What happens to unpaid child support and alimony under bankruptcy law?

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Jeffrey Johnson is a legal writer with a focus on personal injury. He has worked on personal injury and sovereign immunity litigation in addition to experience in family, estate, and criminal law. He earned a J.D. from the University of Baltimore and has worked in legal offices and non-profits in Maryland, Texas, and North Carolina. He has also earned an MFA in screenwriting from Chapman Univer...

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UPDATED: Jul 15, 2021

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Unpaid support obligations like child support and alimony will not be reduced in bankruptcy. BAPCPA elevates domestic support obligations to top priority in an asset case under Chapter 7, where there are funds available to pay creditors. Domestic support obligations are not dischargeable. The law no longer distinguishes between debts for alimony or support (which were also not dischargeable under prior law) and debts arising from property settlements (which were sometimes dischargeable under prior law); both kinds of debt are not dischargeable.

It remains true that a Chapter 13 plan must provide for full payment of priority debts, including arrearages in domestic support obligations. Furthermore, to obtain a discharge in a Chapter 13 case, the debtor will have to certify that all post-petition domestic support obligations have been met.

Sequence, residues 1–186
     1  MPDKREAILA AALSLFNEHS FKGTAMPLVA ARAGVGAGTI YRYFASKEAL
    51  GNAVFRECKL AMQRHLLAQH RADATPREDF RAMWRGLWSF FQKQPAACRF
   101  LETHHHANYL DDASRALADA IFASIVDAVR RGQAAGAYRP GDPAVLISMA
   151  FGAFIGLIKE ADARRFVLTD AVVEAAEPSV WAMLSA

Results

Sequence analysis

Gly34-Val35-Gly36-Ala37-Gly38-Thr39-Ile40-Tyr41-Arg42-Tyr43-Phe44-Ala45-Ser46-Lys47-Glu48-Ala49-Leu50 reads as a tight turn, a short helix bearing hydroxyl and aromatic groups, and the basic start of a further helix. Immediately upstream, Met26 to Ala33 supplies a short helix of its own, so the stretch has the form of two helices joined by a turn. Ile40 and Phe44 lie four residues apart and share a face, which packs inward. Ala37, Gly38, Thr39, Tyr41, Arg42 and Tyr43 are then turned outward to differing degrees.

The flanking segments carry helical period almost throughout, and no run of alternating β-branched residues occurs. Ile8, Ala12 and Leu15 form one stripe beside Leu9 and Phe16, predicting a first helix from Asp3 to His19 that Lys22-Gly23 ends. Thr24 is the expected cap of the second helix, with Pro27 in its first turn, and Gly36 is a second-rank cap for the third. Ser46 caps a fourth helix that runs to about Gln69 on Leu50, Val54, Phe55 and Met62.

Case trustees in both Chapter 7 and Chapter 13 cases are now obligated to make certain disclosures to a domestic support creditor, such as an ex- or separated spouse, including the debtor’s most recent known address at the time of discharge.

Even though your unpaid support obligation will not be discharged in bankruptcy, bankruptcy may still be an option for your situation. Child support and alimony can be included in calculations for the means test that you are required to satisfy in order to file a Chapter 7 petition. Regardless of which type of bankruptcy you file, reduction of other debts that are dischargeable, like credit card debts or medical bills, can improve your financial situation so that you can afford to make your support obligations. 

If you want to change the amount that you pay on a monthly basis for child support, you will have to petition the court where the order originated. If you are considering this type of modification and a bankruptcy filing, you may want to consult an attorney that has expertise in both areas to see which you should proceed with first. 

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